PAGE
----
Special Issue "Proteins and Biomineralisation"

A special issue of Crystals (ISSN 2073-4352). This special issue belongs to the section "Biomolecular Crystals".

Deadline for manuscript submissions: closed (10 August 2020).

Special Issue Editors

Dr. Teresa Roncal-Herrero
Website
Guest Editor
University of Leeds, Leeds, United Kingdom
Interests: soft mater characterisation; crystallisation; electron microscopy
Dr. Ashit Rao
Website
Guest Editor
Faculty of Science and Technology, University of Twente, Enschede, The Netherlands
Interests: biomineralisation, chemical biology; crystallisation; material chemistry

Special Issue Information

Dear Colleagues,

Exhibiting fascinating structure–property relations, biominerals have attracted enormous research interest as evolutionarily optimised materials with specialised functions. Several disciplines have contributed to the field of biomineralisation with primary motivations as (1) elucidating the formation and structure–property relationships of biomaterials and (2) emulating evolutionarily optimised material organisations by synthetic strategies. These endeavours, also stimulated by advances in high-resolution analytical techniques, have provided some fundamental understanding of biomineralisation.

Addressing the mechanisms and pathways of biomineralisation is a challenging task due to the minute length scales at which nucleation and growth phenomena take place as well as the dynamic nature of inorganic as well as organic precursors. This Special Issue aims to cover studies addressing the pathways and products of mineralisation regulated by biomolecules in biological and synthetic environments. In view of the different levels of protein structure ranging from amino acid sequence to aggregate states, we encourage contributions related to mineralisation controlled by complex biological and synthetic macromolecules. Potential topics include but are not limited to:

  • Crystal morphology, composition and polymorph guided by organic molecules;
  • Micro- and ultrastructure of natural or biomimetic composites;
  • Structural dynamics and self-association of molecules in mineralising environments;
  • Catalytic and structural functions of biomolecules in mineralisation;
  • Sequence, structure and post-translational modifications of proteins;
  • Protein-inspired control over nucleation and crystallisation;
  • Biomimetic processes and materials.

Submissions on novel developments, techniques, applications and review papers are all welcome.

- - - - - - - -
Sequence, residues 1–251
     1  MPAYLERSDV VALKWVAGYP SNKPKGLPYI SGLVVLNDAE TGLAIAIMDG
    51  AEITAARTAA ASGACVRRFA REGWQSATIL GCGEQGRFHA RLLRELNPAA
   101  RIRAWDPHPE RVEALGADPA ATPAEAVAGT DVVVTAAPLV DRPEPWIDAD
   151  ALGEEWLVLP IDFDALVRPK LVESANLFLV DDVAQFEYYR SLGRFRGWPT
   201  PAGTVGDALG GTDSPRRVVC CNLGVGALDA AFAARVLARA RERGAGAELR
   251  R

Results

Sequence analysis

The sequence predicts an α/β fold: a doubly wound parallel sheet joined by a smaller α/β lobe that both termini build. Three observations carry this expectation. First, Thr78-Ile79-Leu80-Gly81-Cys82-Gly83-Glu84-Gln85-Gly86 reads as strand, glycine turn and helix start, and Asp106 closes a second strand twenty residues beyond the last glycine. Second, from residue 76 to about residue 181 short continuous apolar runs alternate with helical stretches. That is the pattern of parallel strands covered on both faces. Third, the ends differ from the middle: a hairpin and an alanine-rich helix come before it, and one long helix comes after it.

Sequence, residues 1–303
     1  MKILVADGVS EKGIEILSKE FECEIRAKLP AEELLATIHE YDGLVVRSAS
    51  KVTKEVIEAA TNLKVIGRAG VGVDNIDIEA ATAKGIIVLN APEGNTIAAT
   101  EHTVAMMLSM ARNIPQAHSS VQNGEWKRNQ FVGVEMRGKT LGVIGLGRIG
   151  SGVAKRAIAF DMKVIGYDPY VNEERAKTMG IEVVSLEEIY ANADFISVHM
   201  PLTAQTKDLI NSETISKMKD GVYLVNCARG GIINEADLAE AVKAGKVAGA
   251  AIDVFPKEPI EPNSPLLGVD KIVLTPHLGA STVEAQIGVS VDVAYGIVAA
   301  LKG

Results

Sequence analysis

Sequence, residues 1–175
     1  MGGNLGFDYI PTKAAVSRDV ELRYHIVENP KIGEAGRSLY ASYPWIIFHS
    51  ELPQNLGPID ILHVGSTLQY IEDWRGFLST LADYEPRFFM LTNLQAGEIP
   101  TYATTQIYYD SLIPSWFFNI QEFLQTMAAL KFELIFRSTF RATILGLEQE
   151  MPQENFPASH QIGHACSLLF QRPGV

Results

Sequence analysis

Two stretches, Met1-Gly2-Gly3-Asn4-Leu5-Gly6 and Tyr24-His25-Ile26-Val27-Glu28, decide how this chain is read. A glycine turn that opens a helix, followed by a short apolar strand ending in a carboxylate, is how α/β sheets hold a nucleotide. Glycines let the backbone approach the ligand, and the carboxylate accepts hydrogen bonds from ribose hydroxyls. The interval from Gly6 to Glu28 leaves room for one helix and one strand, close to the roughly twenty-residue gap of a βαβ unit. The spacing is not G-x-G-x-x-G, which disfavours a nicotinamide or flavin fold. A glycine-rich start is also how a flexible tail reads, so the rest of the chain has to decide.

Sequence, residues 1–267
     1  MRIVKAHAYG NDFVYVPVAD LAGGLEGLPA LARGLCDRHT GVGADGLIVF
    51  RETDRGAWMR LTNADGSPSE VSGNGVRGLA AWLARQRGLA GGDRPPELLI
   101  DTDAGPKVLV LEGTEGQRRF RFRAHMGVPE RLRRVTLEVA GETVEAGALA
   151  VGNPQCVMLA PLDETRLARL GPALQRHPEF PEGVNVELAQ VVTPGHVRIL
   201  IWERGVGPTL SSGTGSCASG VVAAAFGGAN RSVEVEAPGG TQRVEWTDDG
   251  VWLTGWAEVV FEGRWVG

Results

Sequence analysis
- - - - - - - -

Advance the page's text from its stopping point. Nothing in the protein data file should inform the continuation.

Dr. Teresa Roncal-Herrero
Dr. Ashit Rao
Guest Editors

Manuscript Submission Information

Manuscripts should be submitted online at www.mdpi.com by registering and logging in to this website. Once you are registered, click here to go to the submission form. Manuscripts can be submitted until the deadline. All papers will be peer-reviewed. Accepted papers will be published continuously in the journal (as soon as accepted) and will be listed together on the special issue website. Research articles, review articles as well as short communications are invited. For planned papers, a title and short abstract (about 100 words) can be sent to the Editorial Office for announcement on this website.

Submitted manuscripts should not have been published previously, nor be under consideration for publication elsewhere (except conference proceedings papers). All manuscripts are thoroughly refereed through a single-blind peer-review process. A guide for authors and other relevant information for submission of manuscripts is available on the Instructions for Authors page. Crystals is an international peer-reviewed open access monthly journal published by MDPI.

Please visit the Instructions for Authors page before submitting a manuscript. The Article Processing Charge (APC) for publication in this open access journal is 1600 CHF (Swiss Francs). Submitted papers should be well formatted and use good English. Authors may use MDPI's English editing service prior to publication or during author revisions.

Keywords

  • Biomineralisation
  • Bio-inorganic interfaces
  • Composite materials
  • Crystal growth
  • Crystallisation pathways
  • Proteins
  • Macromolecules
  • Structure–property relations

Published Papers (3 papers)

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Research

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Open AccessArticle
Polycarboxylated Eggshell Membrane Scaffold as Template for Calcium Carbonate Mineralization
Crystals 2020, 10(9), 797; https://doi.org/10.3390/cryst10090797 - 09 Sep 2020
Abstract
Biomineralization is a process in which specialized cells secrete and deliver inorganic ions into confined spaces limited by organic matrices or scaffolds. Chicken eggshell is the fastest biomineralization system on earth, and therefore, it is a good experimental model for the study of [...] Read more.